The SeeView Media documents—a term sheet and draft agreements for potential investors—note that Yale and Dickson are seeking $10 million for the project, with a minimum investment of $1 million. Investors are promised a 5 percent annual return and a “profit share percentage” of 2 percent, according to the term sheet. A draft “note purchase agreement” says the money raised would be for “general working capital and other corporate purposes, with approximately 50% used for production (e.g. talent, writers, film crew, post-production activities, travel and administrative overhead) and approximately 50% used for promotion and distribution.” None of the documents mention Giuliani by name and do not state whether he will receive any of the funds that are raised. But Yale tells Mother Jones that Giuliani is the driving force of this project and that he should be contacted for any details regarding it. “The mayor is the knowledge base,” he says.
Mother Jones sent Giuliani and Dickson a list of questions about the project and repeatedly sought comments from them. Neither responded.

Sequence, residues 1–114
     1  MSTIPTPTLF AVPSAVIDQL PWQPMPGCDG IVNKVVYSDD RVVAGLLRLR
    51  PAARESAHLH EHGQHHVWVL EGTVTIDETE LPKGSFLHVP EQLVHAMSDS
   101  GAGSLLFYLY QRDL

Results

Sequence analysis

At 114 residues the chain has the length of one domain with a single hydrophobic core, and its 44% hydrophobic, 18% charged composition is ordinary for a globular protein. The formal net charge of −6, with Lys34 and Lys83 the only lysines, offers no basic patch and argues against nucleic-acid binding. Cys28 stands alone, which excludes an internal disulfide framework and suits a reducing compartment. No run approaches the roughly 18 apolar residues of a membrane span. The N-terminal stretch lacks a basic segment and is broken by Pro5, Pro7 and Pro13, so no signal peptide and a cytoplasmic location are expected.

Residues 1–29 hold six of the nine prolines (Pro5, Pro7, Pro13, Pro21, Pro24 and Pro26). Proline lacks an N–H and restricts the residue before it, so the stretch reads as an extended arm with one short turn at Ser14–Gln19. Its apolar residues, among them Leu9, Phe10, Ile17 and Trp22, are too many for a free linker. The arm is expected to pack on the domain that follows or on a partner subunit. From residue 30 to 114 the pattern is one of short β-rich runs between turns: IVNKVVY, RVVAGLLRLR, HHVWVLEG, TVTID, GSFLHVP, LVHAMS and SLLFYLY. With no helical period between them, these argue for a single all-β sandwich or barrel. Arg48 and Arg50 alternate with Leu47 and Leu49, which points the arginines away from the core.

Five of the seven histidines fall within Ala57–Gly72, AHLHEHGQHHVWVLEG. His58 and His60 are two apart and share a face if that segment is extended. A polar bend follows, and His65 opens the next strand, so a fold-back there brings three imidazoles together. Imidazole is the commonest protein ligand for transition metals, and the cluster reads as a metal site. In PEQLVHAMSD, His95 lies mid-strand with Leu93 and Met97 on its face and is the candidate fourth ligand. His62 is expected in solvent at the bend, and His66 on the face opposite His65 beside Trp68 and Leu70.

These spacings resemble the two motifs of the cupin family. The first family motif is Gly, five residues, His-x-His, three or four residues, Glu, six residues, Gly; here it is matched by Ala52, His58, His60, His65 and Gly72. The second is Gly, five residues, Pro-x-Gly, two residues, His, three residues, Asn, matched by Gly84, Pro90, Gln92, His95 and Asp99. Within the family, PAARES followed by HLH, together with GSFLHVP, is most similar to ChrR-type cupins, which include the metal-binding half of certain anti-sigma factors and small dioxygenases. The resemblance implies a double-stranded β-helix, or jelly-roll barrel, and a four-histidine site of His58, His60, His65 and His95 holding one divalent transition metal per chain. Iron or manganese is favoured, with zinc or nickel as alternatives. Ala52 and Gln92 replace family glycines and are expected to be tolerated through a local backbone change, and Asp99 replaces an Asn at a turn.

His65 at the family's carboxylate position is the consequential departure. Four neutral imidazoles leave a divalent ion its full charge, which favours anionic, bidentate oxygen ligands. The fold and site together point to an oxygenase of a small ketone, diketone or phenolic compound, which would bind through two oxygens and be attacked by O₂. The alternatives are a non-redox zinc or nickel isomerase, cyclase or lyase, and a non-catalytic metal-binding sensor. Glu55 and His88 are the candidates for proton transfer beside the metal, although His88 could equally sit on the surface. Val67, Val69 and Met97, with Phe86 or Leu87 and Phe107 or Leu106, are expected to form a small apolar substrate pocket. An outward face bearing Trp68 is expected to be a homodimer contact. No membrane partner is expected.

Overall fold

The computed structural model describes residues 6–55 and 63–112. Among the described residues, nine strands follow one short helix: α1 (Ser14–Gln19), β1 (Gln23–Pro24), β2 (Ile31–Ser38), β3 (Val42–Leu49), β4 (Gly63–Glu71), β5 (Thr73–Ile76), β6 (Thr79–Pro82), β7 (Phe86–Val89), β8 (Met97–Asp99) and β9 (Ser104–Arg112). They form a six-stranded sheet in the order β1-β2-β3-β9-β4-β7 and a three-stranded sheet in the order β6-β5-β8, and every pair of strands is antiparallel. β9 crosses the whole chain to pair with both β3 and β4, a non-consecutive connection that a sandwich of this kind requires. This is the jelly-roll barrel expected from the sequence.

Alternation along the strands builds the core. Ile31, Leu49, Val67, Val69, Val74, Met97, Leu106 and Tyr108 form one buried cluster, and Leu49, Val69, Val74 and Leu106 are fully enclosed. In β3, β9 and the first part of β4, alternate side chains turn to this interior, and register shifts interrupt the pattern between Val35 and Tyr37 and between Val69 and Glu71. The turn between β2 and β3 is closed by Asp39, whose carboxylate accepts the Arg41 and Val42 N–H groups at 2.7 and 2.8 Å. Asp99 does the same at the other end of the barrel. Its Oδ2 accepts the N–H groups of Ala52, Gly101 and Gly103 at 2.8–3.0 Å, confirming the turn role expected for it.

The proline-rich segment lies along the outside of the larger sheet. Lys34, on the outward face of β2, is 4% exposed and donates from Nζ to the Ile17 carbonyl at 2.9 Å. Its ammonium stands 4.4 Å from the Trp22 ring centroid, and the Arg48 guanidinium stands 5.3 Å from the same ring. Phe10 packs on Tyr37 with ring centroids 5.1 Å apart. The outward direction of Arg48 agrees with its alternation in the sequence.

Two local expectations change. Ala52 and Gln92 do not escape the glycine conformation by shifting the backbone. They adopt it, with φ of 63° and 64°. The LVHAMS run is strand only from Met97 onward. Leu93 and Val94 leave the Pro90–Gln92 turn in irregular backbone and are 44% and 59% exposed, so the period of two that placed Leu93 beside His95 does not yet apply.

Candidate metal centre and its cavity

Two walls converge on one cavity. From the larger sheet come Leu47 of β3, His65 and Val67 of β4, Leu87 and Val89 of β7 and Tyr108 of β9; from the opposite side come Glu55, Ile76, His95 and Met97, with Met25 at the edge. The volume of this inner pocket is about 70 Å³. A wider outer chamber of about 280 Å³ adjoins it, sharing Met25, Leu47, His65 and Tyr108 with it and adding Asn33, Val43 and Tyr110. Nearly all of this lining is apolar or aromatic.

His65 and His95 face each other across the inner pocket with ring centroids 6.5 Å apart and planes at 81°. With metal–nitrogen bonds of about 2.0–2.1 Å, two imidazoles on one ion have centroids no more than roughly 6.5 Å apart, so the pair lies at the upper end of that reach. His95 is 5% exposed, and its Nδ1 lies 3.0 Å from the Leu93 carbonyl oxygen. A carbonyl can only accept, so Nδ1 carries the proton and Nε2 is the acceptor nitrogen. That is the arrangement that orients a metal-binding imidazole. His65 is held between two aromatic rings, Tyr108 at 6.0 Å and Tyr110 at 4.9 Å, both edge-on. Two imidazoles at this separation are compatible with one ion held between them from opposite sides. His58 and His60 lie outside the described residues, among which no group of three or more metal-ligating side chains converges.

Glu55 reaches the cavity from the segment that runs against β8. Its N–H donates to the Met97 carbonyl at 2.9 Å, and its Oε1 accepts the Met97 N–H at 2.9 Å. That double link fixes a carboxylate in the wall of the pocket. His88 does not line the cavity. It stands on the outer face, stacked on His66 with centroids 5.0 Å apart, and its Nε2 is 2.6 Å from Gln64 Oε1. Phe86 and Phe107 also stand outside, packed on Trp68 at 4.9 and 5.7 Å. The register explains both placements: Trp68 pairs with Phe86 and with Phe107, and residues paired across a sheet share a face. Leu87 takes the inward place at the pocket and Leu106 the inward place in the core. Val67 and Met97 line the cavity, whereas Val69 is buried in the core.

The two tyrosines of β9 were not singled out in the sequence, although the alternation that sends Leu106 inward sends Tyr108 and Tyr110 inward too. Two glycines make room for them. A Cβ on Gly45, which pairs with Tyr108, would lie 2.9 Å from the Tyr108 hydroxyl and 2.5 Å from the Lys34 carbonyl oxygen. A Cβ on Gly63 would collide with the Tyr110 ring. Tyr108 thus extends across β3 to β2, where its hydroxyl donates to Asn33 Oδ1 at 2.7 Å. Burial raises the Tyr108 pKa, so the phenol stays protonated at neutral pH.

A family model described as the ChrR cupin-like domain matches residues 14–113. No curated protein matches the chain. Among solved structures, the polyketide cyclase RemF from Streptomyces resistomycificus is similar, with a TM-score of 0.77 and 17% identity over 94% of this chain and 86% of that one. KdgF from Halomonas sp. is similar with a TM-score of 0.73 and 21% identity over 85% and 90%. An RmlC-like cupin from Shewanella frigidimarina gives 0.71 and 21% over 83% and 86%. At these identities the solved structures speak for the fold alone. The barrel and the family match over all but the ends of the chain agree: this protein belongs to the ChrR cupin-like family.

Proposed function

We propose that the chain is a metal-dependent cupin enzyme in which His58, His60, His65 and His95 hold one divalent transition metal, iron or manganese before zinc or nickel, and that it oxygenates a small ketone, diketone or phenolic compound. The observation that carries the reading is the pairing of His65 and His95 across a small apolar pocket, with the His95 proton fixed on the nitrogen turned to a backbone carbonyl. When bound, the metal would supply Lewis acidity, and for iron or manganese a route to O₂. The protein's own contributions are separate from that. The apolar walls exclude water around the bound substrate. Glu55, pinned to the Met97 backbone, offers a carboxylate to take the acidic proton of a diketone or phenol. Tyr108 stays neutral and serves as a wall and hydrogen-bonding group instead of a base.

The draft note purchase agreement suggests that the group has considered selling shares in the project to foreigners, for it contains a clause regarding the obligations of any “Non-United States person” who signs up as an investor. According to the source familiar with the venture, the project has been seeking financial backers overseas. Giuliani did not respond to text messages asking about foreign investment in the film, but his lawyer Robert Costello says, “I’ve checked with Mr. Giuliani and you are misinformed. There are no foreign investors. There has been no money raised or solicited from any foreign citizens.” (Costello would not answer questions about other aspects of the project.) The term sheet also has a confidentiality clause: “No Investor will disclose the terms or existence of this Term Sheet to any person, other than…[those] who have a need to know.”